Statistics show that in the European Union in 2013 around 4,000 people were killed in accidents involving heavy goods vehicles (HGVs) in excess of 3.5 tonnes. Just under half of those killed were car occupants. One of the problems in such collisions is the crash compatibility of the vehicles; trucks are heavier, their main structures are stiffer and are positioned higher from the ground than for passenger cars. Front underrun protection places stiff structures on trucks in a position intended to interact with the energy absorbing structures of cars. It is mandatory for most HGVs in the EU with the technical requirements prescribed by Regulation 93. However, the potential of HGVs to absorb energy in a crash with a passenger car has remained limited by the amount of deformation space available between the front of the vehicle and the front axle. Directive (EU) 2015/719 offers the potential to remove that limitation by allowing trucks to be longer than the maximum currently permitted provided that it does not increase the load space and it does improve safety and environmental performance.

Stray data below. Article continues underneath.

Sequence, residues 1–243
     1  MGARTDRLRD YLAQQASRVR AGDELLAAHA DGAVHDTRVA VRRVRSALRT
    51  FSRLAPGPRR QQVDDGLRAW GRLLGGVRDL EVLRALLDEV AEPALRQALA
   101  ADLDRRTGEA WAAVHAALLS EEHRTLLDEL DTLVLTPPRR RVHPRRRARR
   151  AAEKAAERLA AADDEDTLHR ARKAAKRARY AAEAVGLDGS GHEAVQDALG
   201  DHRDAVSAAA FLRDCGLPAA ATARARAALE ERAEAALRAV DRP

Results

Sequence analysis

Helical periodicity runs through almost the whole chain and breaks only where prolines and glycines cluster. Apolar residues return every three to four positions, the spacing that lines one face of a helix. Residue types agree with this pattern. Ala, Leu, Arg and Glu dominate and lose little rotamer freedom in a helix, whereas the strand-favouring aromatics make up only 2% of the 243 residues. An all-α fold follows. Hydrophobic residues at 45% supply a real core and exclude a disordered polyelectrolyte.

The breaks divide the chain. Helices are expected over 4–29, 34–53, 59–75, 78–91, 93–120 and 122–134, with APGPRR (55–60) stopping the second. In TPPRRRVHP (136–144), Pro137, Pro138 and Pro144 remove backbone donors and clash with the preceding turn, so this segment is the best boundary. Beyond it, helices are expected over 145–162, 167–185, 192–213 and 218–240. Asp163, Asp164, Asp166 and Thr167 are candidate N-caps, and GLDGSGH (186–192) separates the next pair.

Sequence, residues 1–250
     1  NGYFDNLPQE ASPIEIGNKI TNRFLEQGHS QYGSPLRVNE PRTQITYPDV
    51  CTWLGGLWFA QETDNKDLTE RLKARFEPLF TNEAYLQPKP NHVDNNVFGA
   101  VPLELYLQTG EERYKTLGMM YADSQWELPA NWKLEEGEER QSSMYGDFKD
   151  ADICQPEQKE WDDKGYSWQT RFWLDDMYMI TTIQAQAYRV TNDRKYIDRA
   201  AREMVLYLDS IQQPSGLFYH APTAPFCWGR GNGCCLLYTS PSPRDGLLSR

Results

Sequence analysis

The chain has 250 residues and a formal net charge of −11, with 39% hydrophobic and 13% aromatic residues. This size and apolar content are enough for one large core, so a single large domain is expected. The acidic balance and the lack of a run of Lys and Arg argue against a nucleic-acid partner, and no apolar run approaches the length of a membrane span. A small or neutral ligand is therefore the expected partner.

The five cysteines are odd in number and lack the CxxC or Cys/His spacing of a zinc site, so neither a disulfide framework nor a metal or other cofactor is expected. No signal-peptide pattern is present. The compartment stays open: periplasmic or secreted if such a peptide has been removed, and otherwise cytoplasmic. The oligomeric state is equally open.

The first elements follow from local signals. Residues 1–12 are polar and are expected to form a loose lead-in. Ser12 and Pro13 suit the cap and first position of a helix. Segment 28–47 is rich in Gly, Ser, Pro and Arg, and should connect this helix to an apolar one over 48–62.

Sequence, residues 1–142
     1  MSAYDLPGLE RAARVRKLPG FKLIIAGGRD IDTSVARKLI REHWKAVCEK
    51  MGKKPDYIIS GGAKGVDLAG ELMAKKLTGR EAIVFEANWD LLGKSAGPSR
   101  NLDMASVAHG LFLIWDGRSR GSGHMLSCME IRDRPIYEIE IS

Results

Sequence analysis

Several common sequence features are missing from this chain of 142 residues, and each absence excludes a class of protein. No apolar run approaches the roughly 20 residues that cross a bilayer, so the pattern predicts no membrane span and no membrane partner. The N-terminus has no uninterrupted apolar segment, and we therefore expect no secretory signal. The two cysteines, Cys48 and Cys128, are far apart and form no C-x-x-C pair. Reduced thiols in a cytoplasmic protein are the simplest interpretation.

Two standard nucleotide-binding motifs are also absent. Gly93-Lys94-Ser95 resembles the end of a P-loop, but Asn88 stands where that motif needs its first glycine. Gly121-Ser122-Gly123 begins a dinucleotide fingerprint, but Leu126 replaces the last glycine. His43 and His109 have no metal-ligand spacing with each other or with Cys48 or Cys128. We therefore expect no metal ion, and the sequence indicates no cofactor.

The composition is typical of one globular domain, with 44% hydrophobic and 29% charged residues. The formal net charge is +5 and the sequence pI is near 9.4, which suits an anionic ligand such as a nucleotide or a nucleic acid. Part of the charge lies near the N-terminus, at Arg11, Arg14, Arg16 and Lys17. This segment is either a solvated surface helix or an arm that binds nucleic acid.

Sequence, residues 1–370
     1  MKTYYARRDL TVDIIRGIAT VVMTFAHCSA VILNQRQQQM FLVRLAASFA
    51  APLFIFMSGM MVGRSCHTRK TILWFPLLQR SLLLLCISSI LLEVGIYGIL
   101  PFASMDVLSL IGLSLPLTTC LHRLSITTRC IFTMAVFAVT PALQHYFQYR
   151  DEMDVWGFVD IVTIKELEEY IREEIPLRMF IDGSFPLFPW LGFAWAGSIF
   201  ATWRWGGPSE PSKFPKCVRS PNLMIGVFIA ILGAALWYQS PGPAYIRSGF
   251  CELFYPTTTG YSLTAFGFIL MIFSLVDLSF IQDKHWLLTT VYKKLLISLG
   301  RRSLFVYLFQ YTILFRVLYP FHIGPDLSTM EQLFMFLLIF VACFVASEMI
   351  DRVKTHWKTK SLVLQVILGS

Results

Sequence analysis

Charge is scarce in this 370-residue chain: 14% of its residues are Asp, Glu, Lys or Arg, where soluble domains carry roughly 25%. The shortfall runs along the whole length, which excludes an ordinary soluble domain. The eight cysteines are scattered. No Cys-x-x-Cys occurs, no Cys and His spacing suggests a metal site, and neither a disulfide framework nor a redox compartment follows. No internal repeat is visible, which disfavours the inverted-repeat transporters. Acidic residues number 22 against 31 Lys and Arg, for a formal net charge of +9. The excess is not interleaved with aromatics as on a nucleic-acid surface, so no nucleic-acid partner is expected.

One of the factors required to show improved safety performance is an improvement to the protection of car occupants in collision with the front of an HGV and this improvement must be demonstrated through the type approval system.
There are currently no regulatory instruments that can be used to demonstrate that approval. Transport & Environment therefore commissioned Apollo Vehicle Safety to review the available evidence in order to begin the process of defining a test and evaluation procedure that would be capable of demonstrating improved performance in a type approval test.
The review was a desk-top exercise collecting evidence from existing test procedures and past research on both car-to-truck and car-to-car compatibility. However, few FUPs have been designed based on the concept of an extended length HGV and so the analysis required considerable inference based on tests with existing designs and evaluation of the properties that are beneficial for crash compatibility.
An outline was, therefore, identified of the additional physical test and experimental research that would be required to increase scientific/*/*-/ confidence in the results and to refine the limit values proposed.
This report describes the technical work in full.